Unfortunately I often see developers asking for complex diagnose in urgent emergencies. When it's literally like a 30 minutes reaction time frame. So from business pov there should be first quick and dirty unperfect analysis which is necessary for emergency decisions. Sometimes you can just prolong caching time as quick fix, but sometimes there is no such option. Programmers like nice and calm working environment but business often is very different place. So, please have in mind what business goals are. And yes, I see there is a lot of stupid managers in It and basically you're right, we should use precise data. Just one point: when available...

The first thing I'm likely to say to my team when an outage occurs is something along the lines of "stop the bleeding". That might mean bypassing the affected service if possible, rolling back a recent release, or reducing the amount of traffic (we're fortunate enough to have most of our traffic coming from sources we can throw a kill switch on).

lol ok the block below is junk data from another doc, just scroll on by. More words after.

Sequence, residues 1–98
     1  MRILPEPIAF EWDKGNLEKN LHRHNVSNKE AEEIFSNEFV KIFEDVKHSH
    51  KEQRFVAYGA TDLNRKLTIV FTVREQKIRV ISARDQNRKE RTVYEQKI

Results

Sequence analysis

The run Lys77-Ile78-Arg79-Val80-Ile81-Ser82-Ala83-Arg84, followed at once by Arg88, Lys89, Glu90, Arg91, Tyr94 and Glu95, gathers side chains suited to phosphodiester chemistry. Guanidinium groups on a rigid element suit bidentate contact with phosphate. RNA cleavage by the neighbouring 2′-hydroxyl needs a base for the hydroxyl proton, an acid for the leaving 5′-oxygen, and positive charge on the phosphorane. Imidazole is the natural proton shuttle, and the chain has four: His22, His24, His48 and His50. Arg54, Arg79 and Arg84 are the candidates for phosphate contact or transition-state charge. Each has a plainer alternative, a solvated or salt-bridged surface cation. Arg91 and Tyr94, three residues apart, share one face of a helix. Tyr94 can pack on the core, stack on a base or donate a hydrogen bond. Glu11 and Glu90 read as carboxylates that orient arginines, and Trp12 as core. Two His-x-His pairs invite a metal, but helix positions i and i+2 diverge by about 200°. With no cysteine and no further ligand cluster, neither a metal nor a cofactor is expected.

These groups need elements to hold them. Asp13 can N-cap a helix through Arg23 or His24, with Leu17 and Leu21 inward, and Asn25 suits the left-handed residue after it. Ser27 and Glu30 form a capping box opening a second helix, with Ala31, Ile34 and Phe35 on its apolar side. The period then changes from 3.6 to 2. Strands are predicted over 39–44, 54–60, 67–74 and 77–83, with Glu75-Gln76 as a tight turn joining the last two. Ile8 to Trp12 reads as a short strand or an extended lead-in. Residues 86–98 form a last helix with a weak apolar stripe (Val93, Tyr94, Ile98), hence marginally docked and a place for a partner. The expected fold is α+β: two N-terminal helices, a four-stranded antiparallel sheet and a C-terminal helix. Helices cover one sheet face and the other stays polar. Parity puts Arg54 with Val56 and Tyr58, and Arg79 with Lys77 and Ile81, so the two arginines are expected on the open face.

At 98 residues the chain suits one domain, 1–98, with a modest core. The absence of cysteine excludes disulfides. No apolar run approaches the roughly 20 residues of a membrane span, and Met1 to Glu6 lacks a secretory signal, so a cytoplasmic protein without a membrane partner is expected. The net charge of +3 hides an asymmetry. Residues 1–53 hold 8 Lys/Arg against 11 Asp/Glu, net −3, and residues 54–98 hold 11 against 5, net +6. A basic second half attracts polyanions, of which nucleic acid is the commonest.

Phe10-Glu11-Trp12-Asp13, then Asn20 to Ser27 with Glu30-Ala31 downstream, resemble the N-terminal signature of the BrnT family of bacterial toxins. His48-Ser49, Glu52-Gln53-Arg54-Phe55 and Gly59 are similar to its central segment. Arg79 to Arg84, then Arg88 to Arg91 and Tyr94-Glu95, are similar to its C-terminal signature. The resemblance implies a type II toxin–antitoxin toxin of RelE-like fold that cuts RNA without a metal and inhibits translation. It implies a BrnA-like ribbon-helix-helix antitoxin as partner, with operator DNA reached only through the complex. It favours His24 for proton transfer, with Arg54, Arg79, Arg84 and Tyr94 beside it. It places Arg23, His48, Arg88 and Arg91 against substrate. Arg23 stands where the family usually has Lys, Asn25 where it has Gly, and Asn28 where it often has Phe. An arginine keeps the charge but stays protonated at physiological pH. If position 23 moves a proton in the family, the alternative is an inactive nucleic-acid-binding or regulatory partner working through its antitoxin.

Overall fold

However we go about it, the first priority is to give ourselves some space to properly analyse the issue and find the real solution without the rest of the business worrying loudly about things being broken.

Managing those experiences takes effort, otherwise you're sure to end up with the issues you describe. Even when the data makes sense, sometimes people hand you over an unparsable csv with their results, while the conclusions comes from a gut feeling. Sadly not everybody understands standard tools like boxplots, and analyses are often hard to reproduce.

The tooling to make it easy not there yet.

I think you have a very valid point there, but I would argue it is also important not to react to such situations too strongly. This is something April Wensel talks about here [1] .

[1] bit.ly/2v37AzE